Elliott was the only thing out-of-place in my minimalist space, a bundle of hair readjustments, ragged fingernails, and sloppy eyeliner. She kept her feet planted firmly on the floor as I crossed my legs, wondering what the hell I was supposed to do about this ghost from my past.
“Mom’s in trouble,” Elliott said, staring at her hands.
Of course, I thought. Why else would you be here?
“It’s bad this time,” Elliott went on. “Really bad. She got arrested for tax stuff again and…anyway, she told me to come here and stay with you. She said you’d know why.”
I did know why, but I wished I didn’t. High on the bewildering nature of new life, I pledged to take care of the new baby in Moira’s arms fifteen years earlier if anything ever happened to her mother, because what could possibly necessitate such a thing? Moira’s fiance had been working overtime to make ends meet. They were hopelessly in love, ready to get back to their tiny apartment and their church friends and start their life.
“Mom told me to come here if anything ever happened.” Elliott’s eyes flicked up to meet mine.
“She did?” I failed to keep the bitterness out of my voice. “What else did she tell you?”
“That you’re a lesbian.” Elliott looked down again.
It stung too much to laugh. Of course that was all Moira had ever told her daughter about her former friend and confidante. “I guess that’s all that matters.”
“It matters,” Elliott mumbled. “I’m that way, too. Queer.”
My jaded smile faded. “Oh,” I said after a few moments listening to the cicadas in the garden box outside the window. “I didn’t know.”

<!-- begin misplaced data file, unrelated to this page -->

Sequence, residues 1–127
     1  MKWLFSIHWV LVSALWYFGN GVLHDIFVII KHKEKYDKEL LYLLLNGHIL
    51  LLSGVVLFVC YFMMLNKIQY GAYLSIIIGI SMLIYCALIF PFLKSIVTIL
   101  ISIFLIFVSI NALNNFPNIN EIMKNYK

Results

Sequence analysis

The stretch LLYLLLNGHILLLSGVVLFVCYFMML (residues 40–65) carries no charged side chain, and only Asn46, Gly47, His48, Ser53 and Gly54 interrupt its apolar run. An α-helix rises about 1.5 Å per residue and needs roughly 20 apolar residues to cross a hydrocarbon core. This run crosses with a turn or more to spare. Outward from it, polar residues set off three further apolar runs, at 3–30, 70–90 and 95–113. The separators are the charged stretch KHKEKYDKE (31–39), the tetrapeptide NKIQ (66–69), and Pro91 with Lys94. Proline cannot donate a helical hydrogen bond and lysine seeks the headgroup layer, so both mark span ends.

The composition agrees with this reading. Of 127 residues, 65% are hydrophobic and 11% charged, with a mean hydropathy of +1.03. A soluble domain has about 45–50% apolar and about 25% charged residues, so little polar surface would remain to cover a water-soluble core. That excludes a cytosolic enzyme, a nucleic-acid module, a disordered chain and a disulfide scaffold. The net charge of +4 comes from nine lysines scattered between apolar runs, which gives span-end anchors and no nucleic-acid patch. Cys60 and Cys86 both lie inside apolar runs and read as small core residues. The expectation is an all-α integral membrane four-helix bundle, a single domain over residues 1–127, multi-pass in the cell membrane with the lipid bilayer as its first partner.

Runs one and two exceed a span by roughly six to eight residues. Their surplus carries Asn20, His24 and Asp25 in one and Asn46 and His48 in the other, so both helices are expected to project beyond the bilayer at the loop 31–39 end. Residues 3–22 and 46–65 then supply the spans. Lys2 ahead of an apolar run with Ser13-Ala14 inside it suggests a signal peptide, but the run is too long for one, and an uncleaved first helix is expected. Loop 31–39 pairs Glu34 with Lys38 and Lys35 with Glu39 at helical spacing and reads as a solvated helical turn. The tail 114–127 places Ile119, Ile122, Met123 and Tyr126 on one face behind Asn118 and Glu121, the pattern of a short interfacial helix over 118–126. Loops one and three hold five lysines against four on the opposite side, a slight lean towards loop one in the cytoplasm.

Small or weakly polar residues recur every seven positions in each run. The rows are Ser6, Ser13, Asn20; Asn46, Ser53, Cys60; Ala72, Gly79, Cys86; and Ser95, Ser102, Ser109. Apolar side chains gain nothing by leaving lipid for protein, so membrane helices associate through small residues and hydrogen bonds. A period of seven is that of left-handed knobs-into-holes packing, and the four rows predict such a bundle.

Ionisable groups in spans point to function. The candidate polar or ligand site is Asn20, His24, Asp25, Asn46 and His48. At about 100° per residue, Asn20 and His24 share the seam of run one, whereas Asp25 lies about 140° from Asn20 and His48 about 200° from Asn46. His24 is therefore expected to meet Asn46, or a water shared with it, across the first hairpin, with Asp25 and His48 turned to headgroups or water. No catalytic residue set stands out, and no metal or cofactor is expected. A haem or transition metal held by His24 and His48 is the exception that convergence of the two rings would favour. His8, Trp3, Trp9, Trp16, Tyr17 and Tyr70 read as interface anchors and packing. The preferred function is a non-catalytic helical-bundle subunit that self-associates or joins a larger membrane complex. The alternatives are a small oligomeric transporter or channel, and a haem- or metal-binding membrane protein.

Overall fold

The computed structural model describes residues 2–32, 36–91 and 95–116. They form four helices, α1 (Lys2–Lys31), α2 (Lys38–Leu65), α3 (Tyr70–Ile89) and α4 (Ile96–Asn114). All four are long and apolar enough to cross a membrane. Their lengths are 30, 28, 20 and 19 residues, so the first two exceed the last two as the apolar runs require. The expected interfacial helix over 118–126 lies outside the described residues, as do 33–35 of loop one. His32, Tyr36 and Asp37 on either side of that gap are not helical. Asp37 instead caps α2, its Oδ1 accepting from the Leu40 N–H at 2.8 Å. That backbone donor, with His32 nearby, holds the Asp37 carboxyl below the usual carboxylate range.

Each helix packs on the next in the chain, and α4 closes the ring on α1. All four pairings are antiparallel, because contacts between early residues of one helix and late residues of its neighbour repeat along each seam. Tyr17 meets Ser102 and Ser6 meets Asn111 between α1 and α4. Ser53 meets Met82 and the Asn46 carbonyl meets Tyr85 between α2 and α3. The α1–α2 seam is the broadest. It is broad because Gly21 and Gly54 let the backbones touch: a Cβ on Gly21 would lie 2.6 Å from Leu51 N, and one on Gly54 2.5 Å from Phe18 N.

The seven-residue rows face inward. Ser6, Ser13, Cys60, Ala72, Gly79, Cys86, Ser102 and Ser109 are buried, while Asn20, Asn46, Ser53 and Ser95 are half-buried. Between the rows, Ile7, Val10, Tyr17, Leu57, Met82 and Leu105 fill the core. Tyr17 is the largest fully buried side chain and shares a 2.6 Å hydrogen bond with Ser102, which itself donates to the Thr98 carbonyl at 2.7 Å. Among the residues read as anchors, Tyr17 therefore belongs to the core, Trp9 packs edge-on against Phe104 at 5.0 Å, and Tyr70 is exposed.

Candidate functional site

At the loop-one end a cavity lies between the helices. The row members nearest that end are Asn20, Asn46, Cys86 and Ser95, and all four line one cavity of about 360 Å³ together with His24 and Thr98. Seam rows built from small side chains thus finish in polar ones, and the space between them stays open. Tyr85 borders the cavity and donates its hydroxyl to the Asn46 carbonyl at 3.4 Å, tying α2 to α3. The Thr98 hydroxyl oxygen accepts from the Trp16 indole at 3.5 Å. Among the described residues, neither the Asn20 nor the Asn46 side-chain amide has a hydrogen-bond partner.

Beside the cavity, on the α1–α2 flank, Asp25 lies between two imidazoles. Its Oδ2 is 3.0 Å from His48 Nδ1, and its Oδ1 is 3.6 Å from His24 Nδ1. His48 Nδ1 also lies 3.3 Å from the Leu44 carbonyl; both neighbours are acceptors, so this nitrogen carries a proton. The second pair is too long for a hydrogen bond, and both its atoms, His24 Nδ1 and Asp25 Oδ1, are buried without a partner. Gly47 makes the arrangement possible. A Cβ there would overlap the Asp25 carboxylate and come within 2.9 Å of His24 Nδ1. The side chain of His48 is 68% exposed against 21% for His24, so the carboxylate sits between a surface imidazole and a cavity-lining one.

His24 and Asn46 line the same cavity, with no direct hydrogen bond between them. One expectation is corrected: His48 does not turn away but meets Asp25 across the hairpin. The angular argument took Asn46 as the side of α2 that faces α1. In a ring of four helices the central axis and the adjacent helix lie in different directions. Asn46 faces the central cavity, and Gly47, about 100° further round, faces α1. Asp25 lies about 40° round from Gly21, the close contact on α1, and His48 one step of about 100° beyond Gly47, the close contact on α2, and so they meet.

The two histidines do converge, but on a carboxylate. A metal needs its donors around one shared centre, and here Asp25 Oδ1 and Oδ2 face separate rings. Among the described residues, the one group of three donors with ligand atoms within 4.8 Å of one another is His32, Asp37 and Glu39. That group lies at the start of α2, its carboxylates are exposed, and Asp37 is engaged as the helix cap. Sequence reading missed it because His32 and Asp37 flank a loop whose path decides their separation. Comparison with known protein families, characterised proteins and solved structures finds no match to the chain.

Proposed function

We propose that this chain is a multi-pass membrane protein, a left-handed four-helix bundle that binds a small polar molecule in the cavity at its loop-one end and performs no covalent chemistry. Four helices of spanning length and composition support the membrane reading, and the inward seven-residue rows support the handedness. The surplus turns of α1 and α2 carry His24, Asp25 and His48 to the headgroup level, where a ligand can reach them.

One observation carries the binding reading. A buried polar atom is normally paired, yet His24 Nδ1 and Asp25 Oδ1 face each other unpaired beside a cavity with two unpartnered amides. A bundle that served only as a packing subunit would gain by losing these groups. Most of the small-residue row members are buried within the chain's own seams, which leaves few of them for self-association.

“You mean Mom didn’t mention it during your weekly phone calls?” Elliott asked wryly. Against my better judgment, I already liked her. “I don’t want any money or anything. She can stay in jail for all I care. I just…need a place to be.”
After I showed Elliott to the guest room and climbed into my own bed upstairs, it all struck me as poetic. Of all the people in the world, only Elliott and I truly understood what it felt like to be shunned by Moira. That made me the only person in the world Elliott could relate to – and wouldn’t that fact alone eat Moira up at night?
The first attack on Kazakhstan had been puzzling, but it hadn’t caused widespread pandemonium. Pundits chalked up the destruction of Astana to secret nuclear testing. Video footage caught behind the scenes at the UN Summit seemed to show the Russian president chuckling with an aid at the exact moment of impact, so the 24-hour news cycle had its headline: Russians Plotting to Wipe Out Western States Next?
When Dubai went next, talks got more serious. The government of the United Arab Emirates shared grainy footage of an unidentified object with the FBI, and suddenly aliens were on the table. Still, few people took the threat all that seriously. One of the late-night hosts quipped, “Where’s the president’s concern over these ‘illegal aliens?'”